Hungary punches above her weight

What is the significance of the Hungarian election for the world?

 

Five years ago, well before the so-called “refugee crisis” of 2015, I posted about the Orbanization of Europe and the “Hungarian disease”. That was  when it became obvious that the “Politically Correct liberal” status quo in the world is being threatened and  Hungary could be in the very epicentre of the global change which could destroy PC-liberalism.

Then came 2015 when, using the words of the left-liberal political site Politico,  which named PM Orban as Number One among those “who are shaping, shaking and stirring Europe”,  and Hungary really started “punching above her weight”, using their words again.

Foreign Policy, an influential American  neolib/con journal wrote this in 2016:

Orban’s populist intuition has enabled him to set the political agenda far beyond Hungary. Despite being one of the EU’s newer and poorer members, his country has punched above its weight.

Then this global political change reached the USA and President Trump was elected last year.  Viktor Orbán was the only Western leader who endorsed Donald Trump instead of Hillary Clinton.  If you look at the comment sections of  neolib-neocon media like The Financial Times, Bloomberg, Yahoo, The Economist, The Guardian, The New York Times, The Washington Post, etc. then you will see that a very significant number of their readers sharply reject the false picture their articles draw about Hungary and PM Orbán.  I would risk to say even that PM Orbán has reached a kind of political stardom in the West.

Look East“, suggested a leading French journalist and political thinker in the influential French newspaper Le Figaro a few days ago.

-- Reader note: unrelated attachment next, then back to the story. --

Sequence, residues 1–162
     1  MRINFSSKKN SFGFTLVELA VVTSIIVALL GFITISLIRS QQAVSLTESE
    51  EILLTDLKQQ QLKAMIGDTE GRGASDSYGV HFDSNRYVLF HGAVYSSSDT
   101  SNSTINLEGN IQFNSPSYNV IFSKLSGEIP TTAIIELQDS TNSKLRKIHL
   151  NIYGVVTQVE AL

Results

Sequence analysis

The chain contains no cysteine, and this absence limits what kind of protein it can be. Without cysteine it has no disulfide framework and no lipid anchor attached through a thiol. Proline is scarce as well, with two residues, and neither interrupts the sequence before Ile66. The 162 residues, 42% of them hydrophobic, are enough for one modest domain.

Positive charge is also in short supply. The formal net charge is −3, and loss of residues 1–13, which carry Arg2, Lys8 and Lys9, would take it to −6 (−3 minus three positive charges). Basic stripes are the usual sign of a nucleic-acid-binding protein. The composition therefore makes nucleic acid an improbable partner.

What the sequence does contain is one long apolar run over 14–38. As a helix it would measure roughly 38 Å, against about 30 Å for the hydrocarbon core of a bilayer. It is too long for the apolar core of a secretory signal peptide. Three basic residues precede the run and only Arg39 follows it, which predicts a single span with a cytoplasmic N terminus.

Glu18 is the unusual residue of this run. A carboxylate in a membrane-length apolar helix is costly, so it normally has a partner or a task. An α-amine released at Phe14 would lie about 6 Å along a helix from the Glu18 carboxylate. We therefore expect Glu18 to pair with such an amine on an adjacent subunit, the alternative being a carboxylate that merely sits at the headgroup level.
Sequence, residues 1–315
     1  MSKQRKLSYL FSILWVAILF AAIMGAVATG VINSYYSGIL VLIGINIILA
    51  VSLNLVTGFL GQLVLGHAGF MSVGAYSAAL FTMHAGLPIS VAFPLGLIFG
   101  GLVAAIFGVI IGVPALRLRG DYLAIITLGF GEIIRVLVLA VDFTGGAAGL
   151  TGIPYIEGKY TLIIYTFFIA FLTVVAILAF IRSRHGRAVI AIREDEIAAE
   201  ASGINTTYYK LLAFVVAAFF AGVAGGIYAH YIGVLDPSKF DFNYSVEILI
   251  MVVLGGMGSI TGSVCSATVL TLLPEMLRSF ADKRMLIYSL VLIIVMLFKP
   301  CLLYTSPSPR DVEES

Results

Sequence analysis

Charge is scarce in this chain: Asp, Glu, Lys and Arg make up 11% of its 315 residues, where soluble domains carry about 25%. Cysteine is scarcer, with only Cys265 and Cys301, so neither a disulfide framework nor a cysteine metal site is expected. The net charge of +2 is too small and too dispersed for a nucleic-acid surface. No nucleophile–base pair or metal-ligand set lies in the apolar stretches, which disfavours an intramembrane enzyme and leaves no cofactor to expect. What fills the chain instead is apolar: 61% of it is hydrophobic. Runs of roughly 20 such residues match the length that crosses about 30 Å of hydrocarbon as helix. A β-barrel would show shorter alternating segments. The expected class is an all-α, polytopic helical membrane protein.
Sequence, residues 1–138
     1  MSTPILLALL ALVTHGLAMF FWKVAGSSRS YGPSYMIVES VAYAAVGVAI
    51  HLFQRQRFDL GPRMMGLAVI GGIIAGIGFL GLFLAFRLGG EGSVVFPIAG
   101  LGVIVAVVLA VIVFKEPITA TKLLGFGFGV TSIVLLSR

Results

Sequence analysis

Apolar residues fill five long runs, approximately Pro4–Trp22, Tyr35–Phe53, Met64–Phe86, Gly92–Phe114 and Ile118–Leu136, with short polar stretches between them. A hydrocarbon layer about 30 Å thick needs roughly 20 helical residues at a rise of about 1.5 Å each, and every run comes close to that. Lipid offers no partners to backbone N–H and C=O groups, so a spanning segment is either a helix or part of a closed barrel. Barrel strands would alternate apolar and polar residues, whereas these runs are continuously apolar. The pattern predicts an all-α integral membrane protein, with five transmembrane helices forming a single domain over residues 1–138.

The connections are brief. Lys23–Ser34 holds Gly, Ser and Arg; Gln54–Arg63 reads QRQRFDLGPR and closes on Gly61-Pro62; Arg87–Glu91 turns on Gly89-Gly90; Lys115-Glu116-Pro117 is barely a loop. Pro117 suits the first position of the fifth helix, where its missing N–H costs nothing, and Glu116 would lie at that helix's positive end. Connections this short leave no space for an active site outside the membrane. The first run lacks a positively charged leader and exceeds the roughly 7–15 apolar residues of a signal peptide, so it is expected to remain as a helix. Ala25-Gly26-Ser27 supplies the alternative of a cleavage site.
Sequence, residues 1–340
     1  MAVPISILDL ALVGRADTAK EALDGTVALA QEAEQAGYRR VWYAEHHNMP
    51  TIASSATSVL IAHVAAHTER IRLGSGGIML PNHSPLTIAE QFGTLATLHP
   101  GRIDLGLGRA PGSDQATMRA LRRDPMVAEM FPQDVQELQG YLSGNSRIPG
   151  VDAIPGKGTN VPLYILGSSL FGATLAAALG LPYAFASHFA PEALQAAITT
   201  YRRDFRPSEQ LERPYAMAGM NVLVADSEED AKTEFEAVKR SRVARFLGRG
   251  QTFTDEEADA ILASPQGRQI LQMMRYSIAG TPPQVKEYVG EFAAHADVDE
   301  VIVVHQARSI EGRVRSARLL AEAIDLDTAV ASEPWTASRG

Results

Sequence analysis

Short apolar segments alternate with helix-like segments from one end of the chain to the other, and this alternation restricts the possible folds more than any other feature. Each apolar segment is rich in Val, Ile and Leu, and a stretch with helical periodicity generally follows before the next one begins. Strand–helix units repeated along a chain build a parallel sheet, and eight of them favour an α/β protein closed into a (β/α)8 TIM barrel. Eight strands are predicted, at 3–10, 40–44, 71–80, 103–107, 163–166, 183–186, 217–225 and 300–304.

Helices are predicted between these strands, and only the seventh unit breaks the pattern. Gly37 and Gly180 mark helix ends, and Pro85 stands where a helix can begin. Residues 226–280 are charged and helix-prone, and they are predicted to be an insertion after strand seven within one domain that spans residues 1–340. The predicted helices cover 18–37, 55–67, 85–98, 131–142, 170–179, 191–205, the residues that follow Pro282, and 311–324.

Orbán has invented the theory of illiberalism which he contrasted with liberalism but not with market economy. … This confrontation between liberalism and illiberalism, between ‘the rule of law’ and democracy, will be the main controversy in Europe. … The theory of illiberalism, which was born in Hungary, has spread all over Central Europe…  and this Hungarian theory may be the big chance for the French Right as well.

A popular British newspaper wrote that  “Hungary is a bigger threat to EU than Brexit. How Orbán’s victory could topple Brussels“.  Though I consider this more like a click-bait, I still think there’s a grain of truth in it.  The truth is that Orbán doesn’t want to dismantle the EU.  He wants to change Europe, and the European Union, for the better. He wants to destroy PC-liberalism which, as he said,  is suicide for the West.

As far as Hungarian domestic politics is concerned, with his third landslide election victory, Orbán has become the most successful Hungarian politician of all times. Only the political record of PM István Tisza from the early 20th century comes close  but  Tisza certainly didn’t make an impact in international politics.

One could definitely conclude almost five years after that blog post that  Europe is being “Orbanized” undoubtedly and the “Hungarian disease” is spreading indeed.  Actually it’s spreading even outside Europe. 🙂

What is even more encouraging is that the Orbán’s reply to his spectacular political success was  Soli Deo gloria.

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More news about Hungary’s improving economy